How to keep earning frequent flyer points while you're grounded


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Aussies love to travel. Research has found that the average Australian takes four international trips each year. Given the distance between Australia and the rest of the world, it's easy to clock up frequent flyer points with just a couple of flights to Europe or the US.

But the pandemic has spoilt everyone's overseas travel plans, at least for the foreseeable future. Some airlines are not looking to restart flights until mid-next year at the earliest. So what does this mean for your frequent flyer points and is it still worth trying to earn them in the interim?


how to keep earning frequent flyer points while you're grounded

The caveat is that you don't spend money just for the sake of accumulating points. Think of them as the icing on the cake from the expenses you're planning to make anyway. Daniel Sciberras, managing editor at Point Hacks, a website with guides and tips on frequent flyer points, says there are a lot of ways you can earn frequent flyer points even when you're on the ground:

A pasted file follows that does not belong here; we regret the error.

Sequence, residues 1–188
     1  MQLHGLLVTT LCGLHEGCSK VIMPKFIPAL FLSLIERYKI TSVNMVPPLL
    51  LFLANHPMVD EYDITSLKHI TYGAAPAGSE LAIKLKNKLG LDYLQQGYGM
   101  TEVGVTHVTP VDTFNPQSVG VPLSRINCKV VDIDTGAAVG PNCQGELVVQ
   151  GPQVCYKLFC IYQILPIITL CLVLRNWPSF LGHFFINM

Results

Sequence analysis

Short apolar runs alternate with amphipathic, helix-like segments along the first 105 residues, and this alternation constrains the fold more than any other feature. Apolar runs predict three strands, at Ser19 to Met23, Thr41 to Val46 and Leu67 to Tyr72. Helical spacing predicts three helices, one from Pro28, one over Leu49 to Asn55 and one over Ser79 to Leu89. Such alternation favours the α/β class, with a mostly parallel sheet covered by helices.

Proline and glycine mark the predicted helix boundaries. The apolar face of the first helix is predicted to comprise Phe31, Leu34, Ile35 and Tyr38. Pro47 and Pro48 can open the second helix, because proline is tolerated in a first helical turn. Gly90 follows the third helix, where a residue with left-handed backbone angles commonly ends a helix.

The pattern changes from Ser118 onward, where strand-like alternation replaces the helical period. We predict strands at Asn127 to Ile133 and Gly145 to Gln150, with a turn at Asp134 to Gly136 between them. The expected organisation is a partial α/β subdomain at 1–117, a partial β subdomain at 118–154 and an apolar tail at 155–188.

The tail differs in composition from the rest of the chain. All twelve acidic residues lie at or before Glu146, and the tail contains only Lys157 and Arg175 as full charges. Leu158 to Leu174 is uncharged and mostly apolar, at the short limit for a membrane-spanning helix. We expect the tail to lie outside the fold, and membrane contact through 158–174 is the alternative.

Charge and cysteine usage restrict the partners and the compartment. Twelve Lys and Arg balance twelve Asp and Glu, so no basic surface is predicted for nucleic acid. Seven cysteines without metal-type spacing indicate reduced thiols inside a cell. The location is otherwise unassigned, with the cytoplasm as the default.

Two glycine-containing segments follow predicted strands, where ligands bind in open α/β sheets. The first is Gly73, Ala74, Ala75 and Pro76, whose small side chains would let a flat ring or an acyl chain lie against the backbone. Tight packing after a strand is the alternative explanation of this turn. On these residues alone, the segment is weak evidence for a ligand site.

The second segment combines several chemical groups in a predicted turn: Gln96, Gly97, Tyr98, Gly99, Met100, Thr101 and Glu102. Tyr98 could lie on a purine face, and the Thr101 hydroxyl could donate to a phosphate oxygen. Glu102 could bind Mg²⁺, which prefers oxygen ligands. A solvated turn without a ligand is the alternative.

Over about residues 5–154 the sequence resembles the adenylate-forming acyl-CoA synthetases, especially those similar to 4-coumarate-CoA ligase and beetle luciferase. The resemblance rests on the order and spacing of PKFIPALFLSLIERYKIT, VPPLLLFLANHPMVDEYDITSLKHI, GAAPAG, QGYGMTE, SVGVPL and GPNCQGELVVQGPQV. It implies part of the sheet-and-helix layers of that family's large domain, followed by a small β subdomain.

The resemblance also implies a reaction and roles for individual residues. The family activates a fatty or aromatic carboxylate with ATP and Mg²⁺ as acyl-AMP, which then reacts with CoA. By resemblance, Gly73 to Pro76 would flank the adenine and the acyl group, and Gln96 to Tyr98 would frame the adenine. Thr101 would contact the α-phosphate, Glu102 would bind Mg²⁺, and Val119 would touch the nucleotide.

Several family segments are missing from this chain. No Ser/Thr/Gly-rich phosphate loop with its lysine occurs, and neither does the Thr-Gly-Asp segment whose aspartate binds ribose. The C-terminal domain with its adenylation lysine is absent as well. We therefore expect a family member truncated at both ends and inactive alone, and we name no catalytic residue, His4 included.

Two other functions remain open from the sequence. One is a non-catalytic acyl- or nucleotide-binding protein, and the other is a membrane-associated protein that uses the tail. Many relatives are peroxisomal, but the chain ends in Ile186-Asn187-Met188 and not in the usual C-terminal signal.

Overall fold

Everyday shopping

If you have signed up to the Woolworths Everyday Rewards loyalty program, you earn one Woolworths point for every $1 you spend at Big W, Woolworths, BWS and Caltex petrol stations.

Once you accumulate 2000 points on your card, you can convert it to 1000 Qantas points (if you have a Qantas Frequent Flyer account). If you haven't done so yet, make sure you link your Qantas Frequent Flyer Membership number to your card by updating the 'cards & accounts' tab next time you log in to your account on

Food delivery 

Earn points when you order takeaway. Menulog has a partnership with Velocity Frequent Flyer while Uber Eats allow members to convert 750 Uber Rewards to 200 Qantas points.